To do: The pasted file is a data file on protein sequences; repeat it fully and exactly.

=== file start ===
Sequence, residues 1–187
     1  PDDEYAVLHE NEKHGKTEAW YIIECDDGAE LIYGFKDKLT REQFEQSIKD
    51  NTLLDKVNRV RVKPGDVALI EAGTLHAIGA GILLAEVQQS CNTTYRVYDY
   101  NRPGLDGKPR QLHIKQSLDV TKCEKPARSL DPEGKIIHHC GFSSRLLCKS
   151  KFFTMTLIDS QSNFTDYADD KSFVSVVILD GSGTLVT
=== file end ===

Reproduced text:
Sequence, residues 1–187
     1  PDDEYAVLHE NEKHGKTEAW YIIECDDGAE LIYGFKDKLT REQFEQSIKD
    51  NTLLDKVNRV RVKPGDVALI EAGTLHAIGA GILLAEVQQS CNTTYRVYDY
   101  NRPGLDGKPR QLHIKQSLDV TKCEKPARSL DPEGKIIHHC GFSSRLLCKS
   151  KFFTMTLIDS QSNFTDYADD KSFVSVVILD GSGTLVT